About a week ago, I was driving from my apartment back to my parents' house for a visit. I listened to the radio as I typically do, and while waiting to hear about the weather, an advertisement came on the iHeart station regarding a podcast that had recently been released. I had never really been into podcasts, but when I heard that this one covered unsolved murders, I decided it was worth hearing out the ad. The podcast is called "Forgotten: The Women of Juárez," and not only did it cover unsolved murders -- it covered the unsolved murders of hundreds of women who had gone missing and turned up dead since the 1990s. At the next stop, I pulled out my phone and immediately downloaded every episode. I had a gut-wrenching feeling that something horrible was happening to these women, and my blazing feminist heart wanted to find out just what.
I'll spare you the sickening details, but Ciudad Juárez is a Mexican border city that lays against El Paso, Texas. Known to be one of the most dangerous cities in the world for women, you can walk down the streets and see hundreds upon hundreds of missing person signs depicting young women, many of which having a pink square with a black cross placed on them. These symbols have been placed on these posters by a group of the victims' grieving mothers as a sign of remembrance of all the young women who have fallen victim to the dangerous city, the young ladies who have gone missing only to later be found brutally murdered and their bodies stranded in the desert. And to serve as a warning to the women who walk the streets: you are not safe here.
The gruesome details drove me mad, knowing that Mexican authorities were doing little to nothing about it was causing me to lose sleep. How could police officers and government officials sit back and just let the missing person reports roll in? Didn't they have wives or daughters? Couldn't they understand that the families of the victims were grieving, only to never receive answers or closure?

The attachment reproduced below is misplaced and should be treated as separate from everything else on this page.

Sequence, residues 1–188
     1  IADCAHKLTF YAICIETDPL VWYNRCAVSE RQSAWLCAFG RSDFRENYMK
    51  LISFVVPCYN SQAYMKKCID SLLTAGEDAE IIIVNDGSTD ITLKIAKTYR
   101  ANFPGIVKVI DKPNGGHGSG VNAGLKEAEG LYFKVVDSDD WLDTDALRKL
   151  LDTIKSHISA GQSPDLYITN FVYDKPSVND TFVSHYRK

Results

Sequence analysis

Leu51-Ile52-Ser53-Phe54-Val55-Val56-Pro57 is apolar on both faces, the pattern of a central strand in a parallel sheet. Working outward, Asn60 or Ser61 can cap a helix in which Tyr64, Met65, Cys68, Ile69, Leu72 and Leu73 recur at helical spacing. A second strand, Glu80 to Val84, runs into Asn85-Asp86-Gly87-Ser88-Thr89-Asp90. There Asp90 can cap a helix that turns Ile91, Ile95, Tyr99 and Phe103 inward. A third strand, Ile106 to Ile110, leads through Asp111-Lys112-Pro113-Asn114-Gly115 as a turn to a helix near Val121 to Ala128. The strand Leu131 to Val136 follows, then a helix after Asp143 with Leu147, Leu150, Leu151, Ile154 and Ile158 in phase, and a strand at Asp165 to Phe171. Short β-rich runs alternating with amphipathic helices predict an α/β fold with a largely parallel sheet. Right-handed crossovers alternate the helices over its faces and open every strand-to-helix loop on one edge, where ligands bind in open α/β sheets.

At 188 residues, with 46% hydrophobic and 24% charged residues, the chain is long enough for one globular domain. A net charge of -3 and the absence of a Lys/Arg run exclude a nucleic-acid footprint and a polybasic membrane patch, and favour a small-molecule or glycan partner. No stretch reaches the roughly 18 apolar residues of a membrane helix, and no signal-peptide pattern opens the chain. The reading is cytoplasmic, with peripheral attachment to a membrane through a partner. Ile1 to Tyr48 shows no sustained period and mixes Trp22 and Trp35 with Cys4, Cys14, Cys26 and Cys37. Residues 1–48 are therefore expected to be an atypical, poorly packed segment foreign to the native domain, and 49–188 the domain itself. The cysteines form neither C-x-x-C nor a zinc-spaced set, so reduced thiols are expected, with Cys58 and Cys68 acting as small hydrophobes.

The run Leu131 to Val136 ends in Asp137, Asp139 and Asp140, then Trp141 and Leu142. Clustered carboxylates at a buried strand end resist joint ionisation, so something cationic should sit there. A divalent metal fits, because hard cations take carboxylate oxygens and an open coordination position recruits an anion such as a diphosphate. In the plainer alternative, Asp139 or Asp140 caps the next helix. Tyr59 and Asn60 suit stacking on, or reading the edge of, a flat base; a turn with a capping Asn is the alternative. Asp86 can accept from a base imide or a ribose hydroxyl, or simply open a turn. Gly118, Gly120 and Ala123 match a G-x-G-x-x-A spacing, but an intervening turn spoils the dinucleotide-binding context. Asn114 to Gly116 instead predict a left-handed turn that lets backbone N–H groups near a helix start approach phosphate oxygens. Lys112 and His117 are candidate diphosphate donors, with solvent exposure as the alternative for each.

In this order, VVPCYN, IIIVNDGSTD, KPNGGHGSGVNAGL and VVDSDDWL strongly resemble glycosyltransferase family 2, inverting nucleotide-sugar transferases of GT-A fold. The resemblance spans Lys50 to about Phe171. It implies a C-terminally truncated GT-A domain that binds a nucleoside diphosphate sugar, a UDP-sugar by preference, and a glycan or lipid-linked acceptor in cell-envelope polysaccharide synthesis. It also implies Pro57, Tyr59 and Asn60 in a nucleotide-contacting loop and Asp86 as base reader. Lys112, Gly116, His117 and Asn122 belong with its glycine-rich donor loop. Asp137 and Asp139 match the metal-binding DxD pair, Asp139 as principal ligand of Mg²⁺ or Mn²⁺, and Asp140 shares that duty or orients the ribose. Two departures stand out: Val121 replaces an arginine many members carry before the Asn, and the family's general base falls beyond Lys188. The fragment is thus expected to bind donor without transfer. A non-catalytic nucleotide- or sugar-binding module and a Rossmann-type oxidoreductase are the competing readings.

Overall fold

As it turns out, this was not just a trend in crime throughout the 1990's and early 2000's -- the femicide continues, and has actually worsened throughout the years. In 2016 alone, an estimated seven women were murdered in gender-related crimes every single day. Just last month, the rate of killings of women surged as President Andrés Manuel López Obrador cut funding to women's shelters.
Whether it be cases of organized crime, abductions for sex trafficking, or repeated domestic abuse that later turns to homicide, authorities make no effort to save their women.
So many people had their hand in the killings. Scapegoat after scapegoat took the fall for hundreds of killings, many of which were impossible for the suspects to have committed. Victims were shot to death, raped, strangled, bludgeoned, stabbed, mutilated, breasts cut off, and shapes carved into their backs. It was obvious that no one person or group conducted all of these murders -- it was a war on women.Diana Washington Valdez, a renown journalist for the El Paso Times who spent a great deal of time covering the stories and doing some investigative work into the lives of the victims and their families, wrote a book about the murders in Juárez, "The Killing Fields: Harvest of Women." She said that eventually, the death threats and dangers of covering the crimes became too much, and she has not returned to Juárez in several years. She says it's because there is someone, or perhaps a group of people, who don't want the crimes to be solved.
Ernesta Enríquez Fierro, the mother of 15-year-old victim Adriana asks, "Is being a woman a crime?"